In the beginning, there were tasks you completed and tasks you didn’t, and that was about the scope of it. Then came calendars – powerful tools for organizing the day, where your appointments were managed and your work-life scheduled. Soon, they grew too full, with meeting after meeting leaving too few time slots for real focus. Our schedules became chaotic, and with that, productivity was slowly and painfully eroded!
But it doesn’t have to be that way! We each have different rhythms and roles, and all hats can be worn by a single person if managed correctly. It’s about organizing your time based on these patterns and fitting your calendar to your work rather than your work to your calendar.
Managers and Makers: Different Roles, Different Rhythms
When we talk about different “roles” in the context of scheduling, we are referring to the Maker’s Schedule and Manager’s Schedule, laid out in an influential piece by Paul Graham more than a decade ago. Here, we explore what they mean and how they can help you schedule more effectively.
The Manager’s Schedule
The Manager’s Schedule is what most people would picture when they imagine a business calendar. Each day is chopped up into hour-long chunks; these chunks are then filled with various tasks, meetings, and more. Sure, if you know that a task is going to take some time, you can block out a few hours, but it will still be part of that hour-by-hour schedule.
This is ideal for one-on-one and team meetings since you just find a slot and you’re ready to go. However, it leaves a lot to be desired when it comes to focusing on more significant tasks.
The Maker’s Schedule
The Maker’s Schedule divides a person’s time up into chunks of at least half a day. These long work periods allow a person to deep dive into what they are doing and focus properly, providing an uninterrupted time slot for longer tasks.
This is great for tasks such as writing or coding, according to Graham. However, when on a Maker’s Schedule, a single hour-long meeting in the afternoon can throw the whole day out the window.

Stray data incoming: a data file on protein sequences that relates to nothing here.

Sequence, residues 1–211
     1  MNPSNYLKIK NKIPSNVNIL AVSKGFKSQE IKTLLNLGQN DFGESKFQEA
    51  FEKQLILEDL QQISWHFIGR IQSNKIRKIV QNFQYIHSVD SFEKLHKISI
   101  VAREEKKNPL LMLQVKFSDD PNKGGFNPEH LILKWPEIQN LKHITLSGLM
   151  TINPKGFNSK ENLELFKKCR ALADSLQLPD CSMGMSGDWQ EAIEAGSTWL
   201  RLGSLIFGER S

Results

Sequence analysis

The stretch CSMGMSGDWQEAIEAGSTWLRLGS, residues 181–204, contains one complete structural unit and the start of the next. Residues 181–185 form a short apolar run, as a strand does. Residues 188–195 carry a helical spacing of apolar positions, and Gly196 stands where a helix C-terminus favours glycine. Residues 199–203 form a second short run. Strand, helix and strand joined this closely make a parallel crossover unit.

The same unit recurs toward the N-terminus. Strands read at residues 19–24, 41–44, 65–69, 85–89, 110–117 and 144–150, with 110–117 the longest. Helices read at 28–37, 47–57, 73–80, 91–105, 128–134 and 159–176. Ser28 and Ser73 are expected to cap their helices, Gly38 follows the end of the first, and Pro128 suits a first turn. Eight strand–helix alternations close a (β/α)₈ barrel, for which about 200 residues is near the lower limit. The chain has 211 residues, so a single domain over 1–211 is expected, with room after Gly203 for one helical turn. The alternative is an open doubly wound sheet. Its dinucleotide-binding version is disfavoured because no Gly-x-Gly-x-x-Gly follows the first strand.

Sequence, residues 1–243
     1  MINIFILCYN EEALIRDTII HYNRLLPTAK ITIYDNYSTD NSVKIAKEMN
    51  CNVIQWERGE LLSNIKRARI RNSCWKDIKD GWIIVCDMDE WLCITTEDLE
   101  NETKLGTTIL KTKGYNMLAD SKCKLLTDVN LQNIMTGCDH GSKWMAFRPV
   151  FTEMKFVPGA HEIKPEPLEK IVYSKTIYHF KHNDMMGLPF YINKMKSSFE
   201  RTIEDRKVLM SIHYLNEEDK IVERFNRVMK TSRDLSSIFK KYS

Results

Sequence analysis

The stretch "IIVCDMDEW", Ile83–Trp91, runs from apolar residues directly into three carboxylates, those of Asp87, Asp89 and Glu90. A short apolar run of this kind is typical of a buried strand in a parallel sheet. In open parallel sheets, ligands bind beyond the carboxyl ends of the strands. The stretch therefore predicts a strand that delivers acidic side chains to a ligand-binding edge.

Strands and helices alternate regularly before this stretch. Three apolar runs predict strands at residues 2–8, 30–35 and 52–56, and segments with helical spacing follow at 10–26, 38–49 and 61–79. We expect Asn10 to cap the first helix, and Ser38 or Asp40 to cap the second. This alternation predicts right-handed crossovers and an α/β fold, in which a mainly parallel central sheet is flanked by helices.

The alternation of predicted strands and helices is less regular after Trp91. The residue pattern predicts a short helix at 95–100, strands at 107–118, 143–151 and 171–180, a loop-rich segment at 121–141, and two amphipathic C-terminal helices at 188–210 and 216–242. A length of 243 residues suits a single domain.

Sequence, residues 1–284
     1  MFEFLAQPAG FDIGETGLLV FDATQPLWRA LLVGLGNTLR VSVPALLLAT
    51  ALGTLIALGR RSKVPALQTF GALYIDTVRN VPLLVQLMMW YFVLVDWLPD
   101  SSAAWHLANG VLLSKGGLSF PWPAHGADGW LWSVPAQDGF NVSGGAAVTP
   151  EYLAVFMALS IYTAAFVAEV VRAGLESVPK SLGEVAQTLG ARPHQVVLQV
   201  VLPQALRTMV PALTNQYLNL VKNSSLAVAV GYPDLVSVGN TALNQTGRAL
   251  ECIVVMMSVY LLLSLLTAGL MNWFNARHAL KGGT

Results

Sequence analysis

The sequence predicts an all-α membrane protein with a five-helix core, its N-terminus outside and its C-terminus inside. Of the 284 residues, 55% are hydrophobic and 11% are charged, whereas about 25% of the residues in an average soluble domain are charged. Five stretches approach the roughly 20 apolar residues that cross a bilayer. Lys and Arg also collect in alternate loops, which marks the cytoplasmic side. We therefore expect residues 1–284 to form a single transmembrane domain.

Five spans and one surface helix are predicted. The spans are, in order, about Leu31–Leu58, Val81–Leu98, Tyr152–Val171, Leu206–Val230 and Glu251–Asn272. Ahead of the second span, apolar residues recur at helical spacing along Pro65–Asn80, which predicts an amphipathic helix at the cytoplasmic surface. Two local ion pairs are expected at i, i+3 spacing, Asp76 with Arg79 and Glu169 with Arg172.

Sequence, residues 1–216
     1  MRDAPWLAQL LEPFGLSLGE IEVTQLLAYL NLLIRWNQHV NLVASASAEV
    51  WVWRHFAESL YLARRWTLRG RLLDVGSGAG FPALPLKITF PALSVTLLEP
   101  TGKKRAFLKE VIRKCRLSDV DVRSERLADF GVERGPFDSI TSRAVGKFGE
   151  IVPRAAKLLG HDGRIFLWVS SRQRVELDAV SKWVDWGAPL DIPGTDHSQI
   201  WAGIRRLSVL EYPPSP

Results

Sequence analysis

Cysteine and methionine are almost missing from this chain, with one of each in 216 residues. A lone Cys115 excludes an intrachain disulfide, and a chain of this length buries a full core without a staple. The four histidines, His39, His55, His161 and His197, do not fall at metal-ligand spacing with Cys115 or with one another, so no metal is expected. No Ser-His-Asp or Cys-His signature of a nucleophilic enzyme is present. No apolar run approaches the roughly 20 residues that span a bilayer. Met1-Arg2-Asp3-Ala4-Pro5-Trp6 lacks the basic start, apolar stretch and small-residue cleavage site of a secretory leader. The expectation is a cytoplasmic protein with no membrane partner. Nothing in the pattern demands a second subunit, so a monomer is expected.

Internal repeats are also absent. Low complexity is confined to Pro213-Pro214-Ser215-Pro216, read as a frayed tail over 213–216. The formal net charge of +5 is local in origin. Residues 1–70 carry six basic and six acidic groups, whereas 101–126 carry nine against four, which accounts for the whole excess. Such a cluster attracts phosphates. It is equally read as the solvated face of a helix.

While you can try to shoehorn people into one or the other of these schedule types, most companies will require a mix of the two. This means that Managers will be clashing with Makers and vice versa as they try to get through their respective workdays. What’s more, it is increasingly common that individuals, especially freelancers, will take on each role’s elements. They won’t be a Manager or a Maker; they will be both.
These mixed responsibilities can be fantastic for a more dynamic work environment. Still, if people’s time isn’t managed correctly, they can end up switching and mixing tasks, which is ultimately counterproductive. You will have meetings scattered throughout your week, with larger periods of focus padded around. This leaves no space to slot in a meeting for business development nor the focus to complete bigger tasks.
Task Switching vs Task Mixing for Productivity
Task Switching is when you move between tasks. Task Mixing is moving between different types of tasks. Both result in reduced productivity and performance, but only one can be managed by you!
You are almost certainly familiar with the feeling of having to get your head out of one task and into the next – getting back into the zone – when switching between what you’re doing. This is the penalty to your productivity that’s incurred when Task Switching. There is no way to avoid this if you have to work on multiple tasks.